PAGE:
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Health news:
 
June 2010 - Dec 2013

Minimizing breast cancer risk

May 2010

Time to move beyond salt ?

Salt hypothesis vs. reality

Is sodium bad?

April 2010

Salt studies: the latest score

From Dahl to INTERSALT

Salt hypothesis' story

March 2010

Salt war

Do bone drugs work?

Diabetes vs. drugs, 3:0?

February 2010

The MMR vaccine war: Wakefield vs. ?

Wakefield proceedings: an exception?

Who's afraid of a littl' 1998 study?
 

January 2010

Antibiotic children

Physical activity benefits late-life health

Healthier life for New Year's resolution

 

December 2009

Autism epidemic worsening: CDC report

Rosuvastatin indication broadened

High-protein diet effects

 

November 2009

Folic acid cancer risk

Folic acid studies: message in a bottle?

Sweet, short life on a sugary diet

 

October 2009

Smoking health hazards: no dose-response

C. difficile warning

Asthma risk and waist size in women

 

September 2009

Antioxidants' melanoma risk: 4-fold or none?

Murky waters of vitamin D status

Is vitamin D deficiency hurting you?

 

August 2009

Pill-crushing children

New gut test for children and adults

Unhealthy habits - whistling past the graveyard?

 

July 2009

Asthma solution - between two opposites that don't attract

Light wave therapy - how does it actually work?

Hodgkin's lymphoma in children: better alternatives

 

June 2009

Hodgkin's, kids, and the abuse of power

Efficacy and safety of the conventional treatment for Hodgkin's:
behind the hype

Long-term mortality and morbidity after conventional treatments for pediatric Hodgkin's

 

May 2009

Late health effects of the toxicity of the conventional treatment for Hodgkin's

Daniel's true 5-year chances with the conventional treatment for Hodgkin's

Daniel Hauser Hodgkin's case: child protection or medical oppression?

April 2009

Protection from EMF: you're on your own

EMF pollution battle: same old...

EMF health threat and the politics of status quo
 

March 2009

Electromagnetic danger? No such thing, in our view...

EMF safety standards: are they safe?

Power-frequency field exposure
 

February 2009

Electricity and health

Electromagnetic spectrum: health connection

Is power pollution making you sick?

January 2009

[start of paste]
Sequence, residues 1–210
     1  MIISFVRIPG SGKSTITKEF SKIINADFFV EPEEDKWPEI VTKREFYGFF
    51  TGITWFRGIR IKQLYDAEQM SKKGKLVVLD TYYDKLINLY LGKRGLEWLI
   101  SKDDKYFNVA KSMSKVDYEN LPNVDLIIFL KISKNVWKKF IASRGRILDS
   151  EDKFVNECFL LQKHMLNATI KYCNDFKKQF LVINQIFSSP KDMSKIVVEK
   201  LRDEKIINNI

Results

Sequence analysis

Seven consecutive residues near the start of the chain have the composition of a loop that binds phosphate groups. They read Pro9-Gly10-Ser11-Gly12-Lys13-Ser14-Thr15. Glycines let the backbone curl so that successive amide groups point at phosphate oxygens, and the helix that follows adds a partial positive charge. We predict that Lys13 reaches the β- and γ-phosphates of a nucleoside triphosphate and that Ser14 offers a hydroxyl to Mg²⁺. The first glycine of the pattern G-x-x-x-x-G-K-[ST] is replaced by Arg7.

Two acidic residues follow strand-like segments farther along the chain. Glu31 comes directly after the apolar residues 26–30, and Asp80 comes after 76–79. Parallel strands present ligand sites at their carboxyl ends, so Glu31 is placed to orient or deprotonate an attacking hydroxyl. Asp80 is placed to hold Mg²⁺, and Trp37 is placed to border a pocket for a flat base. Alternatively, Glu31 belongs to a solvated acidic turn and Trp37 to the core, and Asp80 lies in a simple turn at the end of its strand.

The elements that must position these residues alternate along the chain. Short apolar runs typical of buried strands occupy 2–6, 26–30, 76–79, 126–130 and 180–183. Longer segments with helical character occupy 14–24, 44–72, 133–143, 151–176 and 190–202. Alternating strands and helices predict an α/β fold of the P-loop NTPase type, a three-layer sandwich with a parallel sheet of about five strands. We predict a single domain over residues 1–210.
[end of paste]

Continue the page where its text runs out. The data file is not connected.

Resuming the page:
Pneumococcal vaccine for adults useless?

DHA in brain development study - why not boys?

HRT shrinks brains

NEWS ARCHIVE
2009
2008
2007

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Zinc and your health

Second only to magnesium in that respect, zinc (Zn) is a part of over 100 enzymes, thus needed for many processes crucial to body functioning. It includes growth, reproductive function, immune system functioning (by promoting white blood cell activity) and free-radical protection. This micro-mineral is needed for transport of vitamin A from the liver, which means that vitamin A deficiency may be, at least in part, caused by low zinc level, and not correctable without normalizing zinc levels first.

It is no wonder that low zinc levels can cause a number of symptoms, from loss of appetite, retarded growth, suppressed immune system, benign prostate enlargement and impotence, to loss of the sense of small and taste and depression. Night sweats are often caused by low zinc/potassium ratio, and can be alleviated with appropriate supplementation18.

Likewise, longer-term excessive zinc intake creates chemical imbalance in the body, bringing on another set of possible symptoms and diseases, from gastrointestinal problems and anemia to impotence, menstrual problems, muscle spasms or compromised immune function. Among the minerals suppressed by excessive zinc intake are iron, molybdenum and copper.

One of the common health problems associated with high zinc levels is prostatitis (unfortunately, it is often times attempted to correct it by adding more zinc). Another, rather painful health problem, sciatica, is often caused by zinc/potassium imbalance, and responds favorably to bringing the ratio of two minerals to near-optimum level18.

Obviously, there is plenty of reasons to make sure you have sufficient zinc intake (and well balanced nutritional status as well). This cannot be taken as granted, since zinc soil levels are declining, with food processing taking another big chunk of it out. Furthermore, phytates and oxalates in grains and vegetables can significantly reduce its absorption, and same occurs when there is a high level of its antagonists and inhibitors (calcium, phosphorus, iron, vitamin C, and others) present. It is also lost with sweat, or due to excessive alcohol consumption.

Zinc DRI (Dietary Reference Intakes, the most recent set of dietary recommendations set by the government) for an average healthy adult is set at 8mg and 11mg, for a female and male, respectively, with short-term therapeutic doses up to 250mg a day.

Natural food sources of zinc are oysters, seeds, wheat germ, wheat bran, oats, soy, peas, nuts, beef, and other. R

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